director Kirby Dick
Rape is a horrible crime, anywhere and in any context. According to the statistics cited in the film The Invisible War, derived from government reports, the ratio of rapes in the military are something like 2 to 3 times more common than in civilian life. Victims are not just women, but one out of three women will be victimized, statistically, according to their data.
While all that is bad enough, the military’s disciplinary structure is such that criminals are rarely punished. A soldier at any level is to report problems to their superior officer, and in some, perhaps many cases, that person is the offender or is complicit in the offense. A crime that would in civilian life have clearer pathways to justice can be utterly ignored. And the treatment of the victims is something of the dark ages of our times (though those dark ages are true today as well).
The stories told in the film are awful. People are physically disabled and suffer from severe PTSD and many other psychological traumas.
The military’s attitude toward this issue is not unlike the Catholic church’s attitude toward sex abuse by priests. The culture is totally enabling to the problem and doesn’t want anyone to know about it.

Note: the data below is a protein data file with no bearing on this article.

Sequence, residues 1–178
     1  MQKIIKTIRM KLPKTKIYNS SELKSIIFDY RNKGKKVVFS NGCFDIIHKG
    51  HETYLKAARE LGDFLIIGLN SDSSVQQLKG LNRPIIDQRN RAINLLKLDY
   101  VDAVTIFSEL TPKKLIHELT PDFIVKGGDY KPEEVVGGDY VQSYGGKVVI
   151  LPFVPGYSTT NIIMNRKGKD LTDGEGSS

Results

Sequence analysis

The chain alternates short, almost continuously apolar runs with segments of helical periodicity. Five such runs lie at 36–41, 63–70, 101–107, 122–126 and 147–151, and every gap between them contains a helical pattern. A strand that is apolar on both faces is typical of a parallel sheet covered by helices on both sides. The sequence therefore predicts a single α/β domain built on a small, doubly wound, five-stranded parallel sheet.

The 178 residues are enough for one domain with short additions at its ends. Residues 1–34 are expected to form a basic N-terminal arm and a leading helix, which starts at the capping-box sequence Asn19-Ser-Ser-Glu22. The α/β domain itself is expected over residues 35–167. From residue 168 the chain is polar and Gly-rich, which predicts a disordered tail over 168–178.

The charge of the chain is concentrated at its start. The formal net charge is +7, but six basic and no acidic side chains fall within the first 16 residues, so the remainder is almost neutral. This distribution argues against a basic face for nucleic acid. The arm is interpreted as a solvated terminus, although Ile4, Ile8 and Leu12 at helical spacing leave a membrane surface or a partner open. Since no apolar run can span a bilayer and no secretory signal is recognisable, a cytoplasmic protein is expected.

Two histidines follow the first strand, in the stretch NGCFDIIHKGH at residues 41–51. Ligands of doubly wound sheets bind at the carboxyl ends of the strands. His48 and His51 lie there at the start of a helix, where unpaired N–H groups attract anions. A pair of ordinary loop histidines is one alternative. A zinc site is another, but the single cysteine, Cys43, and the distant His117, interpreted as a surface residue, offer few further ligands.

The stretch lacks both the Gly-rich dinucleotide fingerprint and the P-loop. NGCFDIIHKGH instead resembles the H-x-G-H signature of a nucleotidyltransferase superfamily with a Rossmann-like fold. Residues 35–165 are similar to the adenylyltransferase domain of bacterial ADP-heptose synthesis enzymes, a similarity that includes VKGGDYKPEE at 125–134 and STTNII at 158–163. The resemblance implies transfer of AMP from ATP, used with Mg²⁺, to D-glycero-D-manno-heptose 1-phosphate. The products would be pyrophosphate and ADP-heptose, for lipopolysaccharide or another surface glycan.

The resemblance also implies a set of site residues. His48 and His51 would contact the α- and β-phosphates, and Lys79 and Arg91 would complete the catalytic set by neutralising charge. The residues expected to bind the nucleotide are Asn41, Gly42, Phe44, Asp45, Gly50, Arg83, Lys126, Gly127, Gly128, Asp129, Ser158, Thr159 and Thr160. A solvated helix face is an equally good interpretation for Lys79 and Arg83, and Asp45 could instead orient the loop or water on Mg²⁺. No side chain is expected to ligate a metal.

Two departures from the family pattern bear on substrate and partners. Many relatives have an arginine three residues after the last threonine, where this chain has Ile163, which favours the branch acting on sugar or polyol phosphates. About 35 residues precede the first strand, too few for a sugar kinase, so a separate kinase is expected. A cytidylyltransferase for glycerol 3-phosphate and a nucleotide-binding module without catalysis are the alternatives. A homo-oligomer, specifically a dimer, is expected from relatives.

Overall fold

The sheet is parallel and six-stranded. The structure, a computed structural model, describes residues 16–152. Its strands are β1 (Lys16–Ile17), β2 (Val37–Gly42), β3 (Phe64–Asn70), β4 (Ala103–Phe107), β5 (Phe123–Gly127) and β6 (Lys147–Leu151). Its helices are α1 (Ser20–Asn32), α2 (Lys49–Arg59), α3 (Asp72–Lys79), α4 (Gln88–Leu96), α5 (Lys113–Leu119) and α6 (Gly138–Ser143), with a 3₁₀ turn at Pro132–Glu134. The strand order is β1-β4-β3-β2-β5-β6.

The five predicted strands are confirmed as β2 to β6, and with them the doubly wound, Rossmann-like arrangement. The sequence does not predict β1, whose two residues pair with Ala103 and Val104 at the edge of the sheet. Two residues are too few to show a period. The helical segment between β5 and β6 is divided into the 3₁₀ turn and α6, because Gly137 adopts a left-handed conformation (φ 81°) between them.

Military culture is an extreme of male-dominated rigor and rule. It doesn’t shock me to hear that rape is such a huge issue there, nor that it is treated so cavalierly. I respect those who serve or have served, very much so. It’s a tough and dangerous world for military men and women. It’s a sacrifice. The sacrifice should not be at the hands of ones own fellow soldiers.
The film tells a pretty horrible tale. As a film, it’s not as compelling or profound as other contemporary documentaries have been about crimes, horrors, misdeeds, atrocities. These are facts that should be known, things that should be changed.